In recent days, Simon and Garfunkel’s “The Boxer” has been sort of playing in the background of my mind when I was thinking about other things. I kept finding myself silently mouthing, “pocketful of mumbles,” without bothering to think about it.
Well, in the shower (that font of inspiration) this morning, I suddenly realized why, when I thought of the context:
I am just a poor boy
Though my story’s seldom told
I have squandered my resistance
For a pocket full of mumbles, such are promises
All lies and jests
Still a man hears what he wants to hear
And disregards the rest.
Of course, the last two lines are the most pertinent. For a generation now, people have been rejecting Moynihan’s dictum that we’re not entitled to our own facts, and insisting that they have a right to them. This was the election in which that dynamic, men hearing only what they want to hear, has manifested itself most dramatically (and destructively).
But the rest of it fits, too — the meaninglessness of political promises (which I dislike in the best of times), the predominance of lies, and so forth. And who was Fareed Zakaria’s column reaching out to but “poor boys” who feel that their stories have gone ignored?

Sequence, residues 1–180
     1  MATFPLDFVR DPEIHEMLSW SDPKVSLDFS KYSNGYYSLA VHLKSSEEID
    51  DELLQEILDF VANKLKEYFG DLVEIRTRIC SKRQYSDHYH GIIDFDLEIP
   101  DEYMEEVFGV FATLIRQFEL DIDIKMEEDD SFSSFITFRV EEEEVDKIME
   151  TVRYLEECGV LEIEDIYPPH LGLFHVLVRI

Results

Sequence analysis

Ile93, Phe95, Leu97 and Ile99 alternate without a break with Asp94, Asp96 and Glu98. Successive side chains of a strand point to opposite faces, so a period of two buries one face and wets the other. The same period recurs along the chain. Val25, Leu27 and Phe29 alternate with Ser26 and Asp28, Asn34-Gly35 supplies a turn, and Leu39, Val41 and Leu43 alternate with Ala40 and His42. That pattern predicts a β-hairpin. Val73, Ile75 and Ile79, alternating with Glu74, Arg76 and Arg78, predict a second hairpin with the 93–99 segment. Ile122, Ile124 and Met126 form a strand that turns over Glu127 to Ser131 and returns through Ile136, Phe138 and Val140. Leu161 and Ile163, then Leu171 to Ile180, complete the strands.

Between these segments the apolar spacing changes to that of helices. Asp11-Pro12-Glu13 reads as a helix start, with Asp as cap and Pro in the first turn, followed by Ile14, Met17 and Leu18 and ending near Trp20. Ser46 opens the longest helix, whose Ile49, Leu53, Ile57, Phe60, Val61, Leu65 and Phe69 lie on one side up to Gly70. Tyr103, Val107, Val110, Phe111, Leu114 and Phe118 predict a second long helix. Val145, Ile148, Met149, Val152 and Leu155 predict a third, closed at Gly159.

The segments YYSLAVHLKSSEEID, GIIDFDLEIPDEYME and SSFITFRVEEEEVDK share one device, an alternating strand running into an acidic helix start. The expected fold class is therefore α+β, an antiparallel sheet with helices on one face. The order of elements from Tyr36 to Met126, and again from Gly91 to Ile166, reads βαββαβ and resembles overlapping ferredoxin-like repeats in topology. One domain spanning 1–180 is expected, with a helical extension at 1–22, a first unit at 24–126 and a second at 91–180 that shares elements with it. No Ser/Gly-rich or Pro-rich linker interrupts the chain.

I seldom hear that song without thinking of a church youth group that I attended some when I was in high school in Hawaii. It was in an architecturally unassuming (a low, frame building probably left over from WWII) Navy chapel up the hill from Pearl Harbor, somewhere between my house in Foster Village and the Sub Base gate. (I just tried to find an image of it using Google Maps Street View, but first, I think it’s gone, and second, Street View stops working with you get to the edge of a military installation. This was actually off base back then, but now all all Navy property seems to be sealed off.)
It was led by a chaplain of that sort we’ve all met, who is really, really trying to reach out to the kids where they are. I can vaguely picture him, and the only thing else I can remember about him was that he once told us about ministering to Marines during a siege in Vietnam when for awhile it looked like they were all going to die. (Khe Sanh, perhaps? Or maybe some smaller action that’s less well known.)
Anyway, one week he urged us to bring our favorite songs to the next week’s meeting, where we would play them and then discuss why they were important to us.
I couldn’t really think of a favorite song. A year or so earlier it would have been easy — “Let it Be.” But I wanted something more contemporary, so I took my copy of the “Bridge Over Troubled Water” album and asked him to play “The Boxer.” I didn’t even know why I picked it then. I think maybe I thought, as a boy starting out in life, to be sort of profound in a self-absorbed young man kind of way, and even literary — the protagonist struck me as a more humble Nick Adams, or something. Maybe I thought it would impress somebody.
Anyway, it’s been there in the background a bit this week…